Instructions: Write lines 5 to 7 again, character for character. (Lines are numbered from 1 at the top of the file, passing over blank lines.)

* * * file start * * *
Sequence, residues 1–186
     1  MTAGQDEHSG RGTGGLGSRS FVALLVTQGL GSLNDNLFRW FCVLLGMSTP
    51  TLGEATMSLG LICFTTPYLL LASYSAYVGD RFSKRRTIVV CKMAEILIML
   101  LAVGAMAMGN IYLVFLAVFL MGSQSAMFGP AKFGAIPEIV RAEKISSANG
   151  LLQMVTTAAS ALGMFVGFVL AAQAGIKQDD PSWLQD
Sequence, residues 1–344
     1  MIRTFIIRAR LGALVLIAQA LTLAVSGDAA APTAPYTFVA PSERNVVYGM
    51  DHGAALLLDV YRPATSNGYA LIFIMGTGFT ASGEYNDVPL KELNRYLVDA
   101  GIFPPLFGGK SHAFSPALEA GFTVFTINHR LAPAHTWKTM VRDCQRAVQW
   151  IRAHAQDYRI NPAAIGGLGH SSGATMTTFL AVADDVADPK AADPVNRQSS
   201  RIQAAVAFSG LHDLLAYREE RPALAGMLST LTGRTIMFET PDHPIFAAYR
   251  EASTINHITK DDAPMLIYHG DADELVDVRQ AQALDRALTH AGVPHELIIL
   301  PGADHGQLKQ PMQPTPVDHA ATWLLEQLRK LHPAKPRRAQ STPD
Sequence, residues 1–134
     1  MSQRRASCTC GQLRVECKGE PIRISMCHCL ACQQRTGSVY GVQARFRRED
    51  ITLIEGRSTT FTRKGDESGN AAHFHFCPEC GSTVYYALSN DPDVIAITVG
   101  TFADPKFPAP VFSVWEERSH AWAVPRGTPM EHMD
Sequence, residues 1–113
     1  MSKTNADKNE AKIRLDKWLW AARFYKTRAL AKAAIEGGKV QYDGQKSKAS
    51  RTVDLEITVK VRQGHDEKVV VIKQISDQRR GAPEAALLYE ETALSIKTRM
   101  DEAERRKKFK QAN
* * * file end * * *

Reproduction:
   151  LLQMVTTAAS ALGMFVGFVL AAQAGIKQDD PSWLQD
Sequence, residues 1–344
     1  MIRTFIIRAR LGALVLIAQA LTLAVSGDAA APTAPYTFVA PSERNVVYGM